While I only had two customers actually use the original Metreos “Phone Proxy” appliance, Cisco did a good job of cleaning up the issues with the original rendition, and moving the code/functionality to a pretty ubiquitous platform in the ASA.

The premise is great – drop nearly any Cisco IP Phone somewhere on the Internet, plug it into a local power brick, and you are off and running.

Unfortunately, there a couple of major issues with the Phone Proxy option:

  1. Lack of geographic redundancy – when you configure the phone, you are setting up a static entry as the Alternate TFTP to get it working.  The Alternate TFTP points a specific public IP of the ASA you are connecting to.  If that ASA – or even the ISP you are getting that IP from (in the scenario of a dual-connected Internet) is unavailable, your remote phones are out of luck.
  2. Confusing licensing – Ok.  Perhaps “confusing licensing” is an oxymoron.  Let me explain…All remote phones will consume a license for EACH UCM appliance they are connecting to.  So if you have the max of three UCM’s in the phone’s list – you are going to consume 3 licenses…for 1 phone.  Err…  Oh yah, if you look at the output from a “show phone-proxy secure-phones” command – you won’t see the hidden licensing consumption.  Look instead to “show tls-proxy session” to see the real license usage.  End result – not only is the ASA pair/site/ISP a single point of failure – you essentially want to have UCM a single point of failure for remote phones too.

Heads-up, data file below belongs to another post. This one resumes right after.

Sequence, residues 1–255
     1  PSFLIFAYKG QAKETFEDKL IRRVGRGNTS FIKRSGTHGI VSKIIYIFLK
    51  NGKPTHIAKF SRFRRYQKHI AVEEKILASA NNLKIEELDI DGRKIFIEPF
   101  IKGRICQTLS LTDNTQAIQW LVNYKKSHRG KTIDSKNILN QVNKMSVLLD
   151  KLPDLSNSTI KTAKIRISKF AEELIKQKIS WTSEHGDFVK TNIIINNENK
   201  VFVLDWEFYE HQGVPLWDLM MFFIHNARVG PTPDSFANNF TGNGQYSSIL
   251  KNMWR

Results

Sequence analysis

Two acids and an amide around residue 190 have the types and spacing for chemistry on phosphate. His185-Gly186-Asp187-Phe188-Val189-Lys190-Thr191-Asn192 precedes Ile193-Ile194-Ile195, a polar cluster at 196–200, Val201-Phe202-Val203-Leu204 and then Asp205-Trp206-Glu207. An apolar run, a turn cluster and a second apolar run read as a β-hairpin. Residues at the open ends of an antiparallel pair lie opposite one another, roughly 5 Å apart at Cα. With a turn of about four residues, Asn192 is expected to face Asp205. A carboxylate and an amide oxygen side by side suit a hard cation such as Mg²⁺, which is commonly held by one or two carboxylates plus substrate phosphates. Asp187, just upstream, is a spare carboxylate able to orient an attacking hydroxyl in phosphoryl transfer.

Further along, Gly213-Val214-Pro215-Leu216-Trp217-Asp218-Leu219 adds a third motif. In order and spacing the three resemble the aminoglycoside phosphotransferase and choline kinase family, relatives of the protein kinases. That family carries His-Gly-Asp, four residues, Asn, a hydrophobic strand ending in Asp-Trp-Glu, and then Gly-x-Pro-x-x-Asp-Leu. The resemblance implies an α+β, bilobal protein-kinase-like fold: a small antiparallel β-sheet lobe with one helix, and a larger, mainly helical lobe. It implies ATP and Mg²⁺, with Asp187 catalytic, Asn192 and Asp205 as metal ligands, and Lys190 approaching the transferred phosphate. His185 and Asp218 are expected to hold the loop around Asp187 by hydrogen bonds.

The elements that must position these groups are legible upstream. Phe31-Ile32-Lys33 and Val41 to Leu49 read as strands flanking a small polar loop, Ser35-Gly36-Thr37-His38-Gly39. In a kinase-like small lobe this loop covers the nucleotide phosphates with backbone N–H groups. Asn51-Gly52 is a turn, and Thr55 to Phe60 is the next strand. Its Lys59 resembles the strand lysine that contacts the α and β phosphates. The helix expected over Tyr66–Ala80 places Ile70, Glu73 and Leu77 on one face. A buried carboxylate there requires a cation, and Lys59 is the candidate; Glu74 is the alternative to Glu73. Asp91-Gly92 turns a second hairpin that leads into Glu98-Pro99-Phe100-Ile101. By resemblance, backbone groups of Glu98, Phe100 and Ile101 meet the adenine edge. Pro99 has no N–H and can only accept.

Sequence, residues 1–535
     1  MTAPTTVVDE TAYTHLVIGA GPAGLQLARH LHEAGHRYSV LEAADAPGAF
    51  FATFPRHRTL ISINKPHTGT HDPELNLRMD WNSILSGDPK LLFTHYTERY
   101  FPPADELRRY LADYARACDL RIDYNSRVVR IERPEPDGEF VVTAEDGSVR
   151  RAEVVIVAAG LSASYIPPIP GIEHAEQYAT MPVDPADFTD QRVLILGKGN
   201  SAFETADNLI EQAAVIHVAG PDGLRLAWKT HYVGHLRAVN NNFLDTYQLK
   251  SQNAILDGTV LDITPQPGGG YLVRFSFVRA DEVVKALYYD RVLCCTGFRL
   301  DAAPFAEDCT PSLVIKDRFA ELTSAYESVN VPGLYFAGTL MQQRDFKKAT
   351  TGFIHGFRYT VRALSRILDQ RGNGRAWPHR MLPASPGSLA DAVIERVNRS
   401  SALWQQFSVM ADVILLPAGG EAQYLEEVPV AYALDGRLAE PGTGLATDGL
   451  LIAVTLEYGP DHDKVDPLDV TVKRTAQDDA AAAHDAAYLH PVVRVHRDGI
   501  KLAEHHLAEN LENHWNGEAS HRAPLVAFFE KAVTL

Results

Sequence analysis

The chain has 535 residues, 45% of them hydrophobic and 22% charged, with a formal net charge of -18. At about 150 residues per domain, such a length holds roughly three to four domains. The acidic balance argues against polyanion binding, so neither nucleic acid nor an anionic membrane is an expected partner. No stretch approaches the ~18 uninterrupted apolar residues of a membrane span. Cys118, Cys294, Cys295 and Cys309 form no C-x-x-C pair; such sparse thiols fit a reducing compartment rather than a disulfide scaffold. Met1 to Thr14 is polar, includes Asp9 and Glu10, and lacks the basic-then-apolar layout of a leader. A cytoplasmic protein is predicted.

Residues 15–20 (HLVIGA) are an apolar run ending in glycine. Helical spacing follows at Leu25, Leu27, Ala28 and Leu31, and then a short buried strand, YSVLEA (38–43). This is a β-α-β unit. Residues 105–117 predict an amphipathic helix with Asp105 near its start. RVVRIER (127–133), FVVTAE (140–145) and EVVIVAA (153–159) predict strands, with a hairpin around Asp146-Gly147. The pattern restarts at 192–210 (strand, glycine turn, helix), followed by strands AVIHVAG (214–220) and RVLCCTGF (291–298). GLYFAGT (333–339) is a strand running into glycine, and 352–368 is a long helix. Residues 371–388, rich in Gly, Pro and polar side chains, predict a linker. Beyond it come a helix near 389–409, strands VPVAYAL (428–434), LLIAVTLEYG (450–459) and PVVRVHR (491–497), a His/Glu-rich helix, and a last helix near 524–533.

3. No IP Phone Services – IP Phone Services don’t work on Phone Proxy.  Corporate Directory does…maybe.  See below.  So if you are using Extension Mobility…or um…the Berbee flight lookup tool…or an actual IP Phone Service you developed – well too bad for remote users.
  4. Cisco doesn’t want you to use it anymore… – While I can’t point to any e-mail from Chambers scolding me for using it…I can point to bugID CSCtl11930.  Go ahead.  I’ll wait…..You back?  Love that “Workaround:  download to firmware 8.5(2)…” didn’t you?  So essentially Cisco is saying – “if you want to use Phone Proxy, well fine we can’t stop you.  But we can stop you from using new firmware.”  I’m not so sure about reading tea leaves, but I’ve gotten pretty good at reading Bug notes.  That says – “stop using Phone Proxy.  Use SSL VPN instead.”  Oh yah, that is what the unnamed TAC guy said too…

The biggest benefit – it works on older phones (7940/7960’s).


IP Phone using SSL VPN (AnyConnect Premium)

That’s the last time I’m going to use the old term of SSL VPN.  I’m on the bandwagon – AnyConnect it is!